Buchanan City, Grand Bassa County – Residents of the town of Forts Ville have alarmed the closure of the only government-run clinic in the district as health workers refused to work after a resident threatened them.
Report By: Alexander Musa, Jr., LMD Responsible Health Reporting Fellow
According to the Community Health Committee (CHC) Chairperson, Madam Robertetta Harris Reeves, the closure of the clinic came after a threat from one Ben Reeves who had carried his child for treatment at the clinic during the peak of the coronavirus pandemic in July 2020, but he was mandated by the Clinic Officer in Charge (OIC) to wear nose mask before entering the clinic, something he vehemently rejected.
By that time, the Government had mandated the compulsory wearing of mask in public places on everyone to adhere to the health protocols before accessing Service at public and private places, wearing a nose mask was one of the health protocols.
“When the man left with his son, after few days he returned at the clinic with a disturbance, going as far as threatening the health Workers assigned at the clinic, and after some days the clinic registrar died from a neck pain,” Madam Reeves explains.
“The death of the clinic registrar created fear amongst the clinic staffers, and they abandoned the clinic since July 2020 for the fear of their lives.”
The CHC chair said that prior to the departure of the health workers from the clinic, they (the clinic staffers) informed residents of Forts Ville that they will only return if the clinic is fenced.
“According to them when the clinic is fenced it will prevent unauthorized individuals from entering, something they said will help in protecting their lives,” Madam Reeves said.
“Due to the assertion from the health workers, citizens of the area convened a meeting in the same July 2020 to discuss the forward match of the clinic and it was agreed upon in the meeting to fence the clinic with reeds but to no avail.”
She also pointed out that the abandonment of the clinic has caused serious predicament for the more than 10,000 people the clinic serves.
Ben Reeves was later arrested, tried at the St. John Magisterial Court and was set free.
Meanwhile, residents of the catchment communities that the clinic serves have said that the delay in fencing the facility is prolonging the reopening of the clinic.
“All we can do now as people who are in need is to go in the bush and cut reeds and fence the clinic,” says Joseph Blow, a resident of Fort Ville, adding that the “willingness and cooperation is lacking among” residents which is causing the setback for the construction of the fence.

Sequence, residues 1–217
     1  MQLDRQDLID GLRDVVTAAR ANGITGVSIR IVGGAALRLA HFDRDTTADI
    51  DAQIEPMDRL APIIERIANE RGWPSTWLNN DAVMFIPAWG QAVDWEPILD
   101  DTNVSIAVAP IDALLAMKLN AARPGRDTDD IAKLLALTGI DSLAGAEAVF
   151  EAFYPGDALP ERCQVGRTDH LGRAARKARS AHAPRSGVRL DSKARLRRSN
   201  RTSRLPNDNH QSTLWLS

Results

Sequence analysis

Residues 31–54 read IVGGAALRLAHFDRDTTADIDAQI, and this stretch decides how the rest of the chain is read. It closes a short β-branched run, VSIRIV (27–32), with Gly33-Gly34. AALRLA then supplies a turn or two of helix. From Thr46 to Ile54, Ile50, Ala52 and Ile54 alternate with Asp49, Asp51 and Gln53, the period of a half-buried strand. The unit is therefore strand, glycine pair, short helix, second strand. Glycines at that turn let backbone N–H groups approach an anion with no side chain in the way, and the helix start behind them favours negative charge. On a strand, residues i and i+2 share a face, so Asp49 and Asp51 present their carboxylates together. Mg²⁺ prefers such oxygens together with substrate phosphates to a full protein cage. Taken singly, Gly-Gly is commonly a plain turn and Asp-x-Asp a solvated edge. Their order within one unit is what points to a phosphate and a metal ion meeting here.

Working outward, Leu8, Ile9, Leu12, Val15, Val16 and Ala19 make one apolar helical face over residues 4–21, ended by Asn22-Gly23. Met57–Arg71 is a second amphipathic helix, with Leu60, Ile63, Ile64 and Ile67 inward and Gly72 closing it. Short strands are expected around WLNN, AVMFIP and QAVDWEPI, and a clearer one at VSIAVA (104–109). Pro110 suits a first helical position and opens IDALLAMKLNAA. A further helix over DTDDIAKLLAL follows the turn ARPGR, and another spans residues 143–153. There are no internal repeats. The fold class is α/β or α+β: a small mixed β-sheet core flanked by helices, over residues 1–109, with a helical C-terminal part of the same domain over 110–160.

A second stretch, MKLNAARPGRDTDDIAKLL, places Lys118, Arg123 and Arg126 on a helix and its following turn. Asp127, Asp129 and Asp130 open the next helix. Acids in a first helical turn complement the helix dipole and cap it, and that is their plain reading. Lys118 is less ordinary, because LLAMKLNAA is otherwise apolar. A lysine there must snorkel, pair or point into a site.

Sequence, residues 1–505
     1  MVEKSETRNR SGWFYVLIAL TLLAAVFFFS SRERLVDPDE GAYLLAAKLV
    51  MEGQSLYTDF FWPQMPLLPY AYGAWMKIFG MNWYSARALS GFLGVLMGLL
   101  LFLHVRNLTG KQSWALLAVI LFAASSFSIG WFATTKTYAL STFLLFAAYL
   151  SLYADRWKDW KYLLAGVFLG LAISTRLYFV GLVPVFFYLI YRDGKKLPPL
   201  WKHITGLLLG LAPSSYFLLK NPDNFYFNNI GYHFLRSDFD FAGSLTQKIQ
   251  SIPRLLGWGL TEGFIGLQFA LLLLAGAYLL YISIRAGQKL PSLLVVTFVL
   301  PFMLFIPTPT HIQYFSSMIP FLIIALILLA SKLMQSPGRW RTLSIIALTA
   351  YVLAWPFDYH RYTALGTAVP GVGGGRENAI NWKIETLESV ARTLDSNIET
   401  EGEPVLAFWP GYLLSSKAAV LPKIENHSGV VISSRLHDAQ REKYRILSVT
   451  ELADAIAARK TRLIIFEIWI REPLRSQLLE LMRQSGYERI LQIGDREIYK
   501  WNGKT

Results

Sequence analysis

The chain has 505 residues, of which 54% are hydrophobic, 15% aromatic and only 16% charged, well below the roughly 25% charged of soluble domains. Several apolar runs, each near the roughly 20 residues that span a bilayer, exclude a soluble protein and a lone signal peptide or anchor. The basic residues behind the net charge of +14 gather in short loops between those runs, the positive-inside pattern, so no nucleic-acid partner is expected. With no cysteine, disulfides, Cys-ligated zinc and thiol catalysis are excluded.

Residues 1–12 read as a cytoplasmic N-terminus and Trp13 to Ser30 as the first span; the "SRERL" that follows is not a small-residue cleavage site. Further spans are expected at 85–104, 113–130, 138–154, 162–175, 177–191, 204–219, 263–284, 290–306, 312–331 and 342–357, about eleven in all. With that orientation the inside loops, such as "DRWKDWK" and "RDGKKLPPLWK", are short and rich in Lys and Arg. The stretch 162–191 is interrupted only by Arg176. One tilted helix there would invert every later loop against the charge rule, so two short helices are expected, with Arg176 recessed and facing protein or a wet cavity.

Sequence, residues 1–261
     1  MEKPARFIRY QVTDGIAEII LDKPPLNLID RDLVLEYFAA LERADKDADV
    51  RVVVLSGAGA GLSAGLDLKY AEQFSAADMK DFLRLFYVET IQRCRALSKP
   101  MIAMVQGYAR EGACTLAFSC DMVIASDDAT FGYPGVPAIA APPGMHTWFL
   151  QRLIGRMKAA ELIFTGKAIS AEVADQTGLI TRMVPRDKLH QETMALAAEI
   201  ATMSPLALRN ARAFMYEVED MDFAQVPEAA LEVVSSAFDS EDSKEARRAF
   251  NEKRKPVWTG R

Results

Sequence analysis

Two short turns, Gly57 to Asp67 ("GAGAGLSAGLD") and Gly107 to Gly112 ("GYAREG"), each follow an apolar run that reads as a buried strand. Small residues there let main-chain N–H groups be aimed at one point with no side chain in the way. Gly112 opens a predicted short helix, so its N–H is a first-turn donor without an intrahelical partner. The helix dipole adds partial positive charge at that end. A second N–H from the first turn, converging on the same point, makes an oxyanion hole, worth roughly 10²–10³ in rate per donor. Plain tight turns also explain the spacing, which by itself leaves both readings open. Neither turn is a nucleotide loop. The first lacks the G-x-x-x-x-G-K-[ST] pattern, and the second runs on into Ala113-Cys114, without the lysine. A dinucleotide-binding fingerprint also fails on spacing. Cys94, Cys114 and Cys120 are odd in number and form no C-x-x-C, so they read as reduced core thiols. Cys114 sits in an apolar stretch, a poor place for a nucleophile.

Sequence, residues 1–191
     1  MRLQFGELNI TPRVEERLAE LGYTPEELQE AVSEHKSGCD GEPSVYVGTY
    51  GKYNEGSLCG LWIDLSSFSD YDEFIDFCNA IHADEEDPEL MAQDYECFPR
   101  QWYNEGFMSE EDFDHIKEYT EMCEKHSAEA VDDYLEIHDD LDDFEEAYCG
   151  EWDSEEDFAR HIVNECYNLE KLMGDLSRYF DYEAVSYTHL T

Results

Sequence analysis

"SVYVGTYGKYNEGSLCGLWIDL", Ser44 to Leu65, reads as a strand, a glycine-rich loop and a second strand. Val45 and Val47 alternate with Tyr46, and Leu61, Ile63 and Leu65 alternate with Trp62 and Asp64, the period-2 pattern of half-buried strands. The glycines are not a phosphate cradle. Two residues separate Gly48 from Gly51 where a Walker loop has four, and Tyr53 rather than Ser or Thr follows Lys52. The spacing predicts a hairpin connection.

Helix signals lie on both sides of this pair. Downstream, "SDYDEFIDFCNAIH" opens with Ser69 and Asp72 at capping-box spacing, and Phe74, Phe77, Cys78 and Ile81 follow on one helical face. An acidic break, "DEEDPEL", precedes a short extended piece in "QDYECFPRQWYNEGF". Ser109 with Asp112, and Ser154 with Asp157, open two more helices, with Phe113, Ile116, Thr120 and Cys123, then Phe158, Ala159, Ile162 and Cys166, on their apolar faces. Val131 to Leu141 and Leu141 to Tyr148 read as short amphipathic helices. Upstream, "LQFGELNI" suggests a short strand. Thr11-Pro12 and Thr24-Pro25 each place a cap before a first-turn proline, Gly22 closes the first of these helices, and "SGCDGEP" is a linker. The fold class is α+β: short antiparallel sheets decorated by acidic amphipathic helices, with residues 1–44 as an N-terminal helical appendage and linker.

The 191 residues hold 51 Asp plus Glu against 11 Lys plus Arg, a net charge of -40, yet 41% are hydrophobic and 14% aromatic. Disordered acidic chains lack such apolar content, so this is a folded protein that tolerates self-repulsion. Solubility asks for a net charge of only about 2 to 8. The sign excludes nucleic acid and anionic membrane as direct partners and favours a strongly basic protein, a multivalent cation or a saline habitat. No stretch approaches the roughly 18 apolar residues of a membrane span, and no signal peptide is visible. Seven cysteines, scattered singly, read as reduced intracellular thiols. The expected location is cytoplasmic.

Another resident, Mercy Davis, who lives close to the clinic and is affected by its closure, backed the health workers’ decision, adding that more than two health practitioners have died in District #2 following the alleged threat.
“We’ve been experiencing this in the district, and I think our government and traditional people have to step in,” she said, stressing that for the community to be without a clinic poses a serious health risk to women and children amid the coronavirus pandemic.
“I can tell you for free that since the closure of the clinic people including pregnant women have met their untimely death,” she said. “It is worrying to be in a health crisis as people and the only clinic we’re depending on as citizens from an impoverished background has been closed for over six months.”
Mayor James E. Brooks of the St. John River City admitted residents have being uncooperative thereby causing the delay in the reopening of the clinic. However, he disclosed he has purchased food and other items to ensure the fencing of the clinic.
“Let me assure all of you that from now to the 15 of February 2021 the clinic will be fenced and reopened,” Mayor Brooks promised, assuring that his administration will work to avert a reoccurrence of threat against health workers.
“Right now, we are working out modalities so that when the clinic is fenced and the staffers return, the citizens and the health workers will have a peaceful and happy coexistence,” he said.
Also speaking about the situation, Grand Bassa County Health Officer (CHO) Dr. Sylvester Wheh said the health workers cannot be compelled to resume work while the clinic remains unfenced “because their lives matter”.
“Though our health workers took oath to save lives but that does not in any way subject them to endanger their own lives,” Dr. Wheh said, while cautioning residents of Forts Ville to put their differences aside and work to fence the clinic.
Dr. Wheh stressed that “it is dangerous to have the only clinic in the community closed because apart from this current global COVID-19 crisis there are other diseases that are affecting the citizens”.
He encouraged residents and authorities of St. John River City to fast track the fencing of the clinic to have active health care delivery system.